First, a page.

checkReader = () => { try { let reader = getReader(); if(false!==reader) { let activeCardData = getActivecardData() haveCard = true; currentPacketPublicKey = false; currentPacketId = false; if(activeCardData && "WalletPublicKey" in activeCardData) { currentPacketPublicKey = activeCardData.WalletPublicKey.toString('hex'); currentPacketId = cryptography.getAddressFromPublicKey(activeCardData.WalletPublicKey) } } else { haveCard = false; }; // console.log("hc %s / cpid %s", haveCard, currentPacketId); } catch(ex) { console.error("app.checkReader - error ", ex.message) } finally { setTimeout(checkReader, 1000); }
}

This

checkReader

function is called periodically in the background using setTimeout. In this function, the NFC card reader is polled (line #5) and the

activeCardData

is retrieved. If a wallet is present on the card, the generic wallet public key is converted to a blockchain address using the

getAddressFromPublicKey

function from the Lisk SDK cryptography library.

The process in the

handlerRegisterSmartPackage

function now continues at line #55 where some funds are sent to the card. These funds are required when submitting transactions that are signed by the wallet on the card to the blockchain.

Again, a wait loop is entered (line #61) that halts until the account associated with the smartcard wallet has been located on the blockchain.

// client/functions.js #49 const getAccount = async (api, address) => { try { let accounts = await api.accounts.get({address}) if(accounts.data.length>0) { return accounts.data[0] } else return false; } catch(ex) { return false; }
}

The

getAccount

function (from functions.js#49) implements this with a call to the Lisk SDK (line #5).

Finally, at line #76 in the

handlerRegisterSmartPackage

function, a registerPackageTransaction is instantiated and signed by the package sender (line #93).

After broadcasting this transaction to the blockchain network, package registration is complete and the function exists. Once the transaction is committed to the blockchain, a valid package account with initial funds now exists on the smartcard.

Signing measurement data

After starting the transport (not described here), the sensor starts collecting data and committing this data to the blockchain using a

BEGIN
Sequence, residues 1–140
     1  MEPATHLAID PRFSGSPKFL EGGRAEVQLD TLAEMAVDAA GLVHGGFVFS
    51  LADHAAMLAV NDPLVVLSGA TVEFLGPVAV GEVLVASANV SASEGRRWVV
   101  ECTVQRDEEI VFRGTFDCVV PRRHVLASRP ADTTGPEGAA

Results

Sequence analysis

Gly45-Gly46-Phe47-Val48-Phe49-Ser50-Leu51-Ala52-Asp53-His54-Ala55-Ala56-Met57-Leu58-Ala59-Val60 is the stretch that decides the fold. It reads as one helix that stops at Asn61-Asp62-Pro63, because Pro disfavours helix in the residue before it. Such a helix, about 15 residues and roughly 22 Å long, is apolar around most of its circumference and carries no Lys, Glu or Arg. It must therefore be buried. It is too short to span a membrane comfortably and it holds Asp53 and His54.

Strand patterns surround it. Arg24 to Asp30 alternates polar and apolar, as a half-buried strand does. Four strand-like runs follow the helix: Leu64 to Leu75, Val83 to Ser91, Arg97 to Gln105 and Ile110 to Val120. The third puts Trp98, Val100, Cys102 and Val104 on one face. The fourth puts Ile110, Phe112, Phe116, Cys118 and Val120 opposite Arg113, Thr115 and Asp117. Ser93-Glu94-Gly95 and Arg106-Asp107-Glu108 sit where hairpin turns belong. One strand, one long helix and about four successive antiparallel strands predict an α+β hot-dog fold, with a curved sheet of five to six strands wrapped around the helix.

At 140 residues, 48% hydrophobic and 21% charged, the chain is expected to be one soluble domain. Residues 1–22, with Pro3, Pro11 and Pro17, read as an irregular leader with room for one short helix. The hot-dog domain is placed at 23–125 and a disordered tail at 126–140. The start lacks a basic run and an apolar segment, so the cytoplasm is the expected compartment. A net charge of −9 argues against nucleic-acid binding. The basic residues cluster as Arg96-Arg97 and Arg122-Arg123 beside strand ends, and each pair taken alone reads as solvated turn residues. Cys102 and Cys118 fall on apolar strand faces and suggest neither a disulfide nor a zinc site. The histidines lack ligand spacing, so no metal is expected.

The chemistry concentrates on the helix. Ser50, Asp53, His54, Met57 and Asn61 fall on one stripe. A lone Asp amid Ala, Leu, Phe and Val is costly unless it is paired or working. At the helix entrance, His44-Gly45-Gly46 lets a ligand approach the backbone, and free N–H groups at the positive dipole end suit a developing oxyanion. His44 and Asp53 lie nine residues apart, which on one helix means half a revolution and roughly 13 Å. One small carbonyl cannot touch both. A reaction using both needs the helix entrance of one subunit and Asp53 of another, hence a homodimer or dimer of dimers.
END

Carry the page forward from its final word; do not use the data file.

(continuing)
register-measurement

custom transaction on the sidechain. To prove the origin of the data, each package of measurement data is signed using the wallet on the smartcard.

The important part of the

register-measurement

custom transaction is shown below:

// transactions/register-measurement.js #27 applyAsset(store) { const errors = []; const packet = store.account.get(this.senderId); if (packet === undefined) { errors.push(new TransactionError("packet not found", this.id, "this.asset.id", this.asset.id, "An existing packet ID on recipient account")); } if(packet.status==='ongoing'||packet.status==='alarm') { let timestamp = dateToLiskEpochTimestamp(new Date()); if(false === "asset" in packet) { packet.asset = {} }; if(false === "measurements" in packet.asset) { packet.asset.measurements = [] }; packet.asset.transportstatus = 'active'; packet.asset.measurements.push({ timestamp: this.asset.timestamp, temperature: this.asset.temperature, humidity: this.asset.humidity }); store.account.set(packet.address, packet); } return errors; }

While the transport is ongoing (line #10) new (simulated) measurements are stored in the measurements array in the packet’s asset structure (line #15). The client application visualizes these measurements in a graph on the smart package page, (see above at Step 4: Track transport and add measurements).

A demonstration of the usage of this transaction is found in the temperature_and_humidity app. This is code that runs inside of the sensor module and is called periodically to measure the transport conditions. In this case, to be able to demonstrate the principle without actual hardware, the measurements are simulated. This can be seen here below: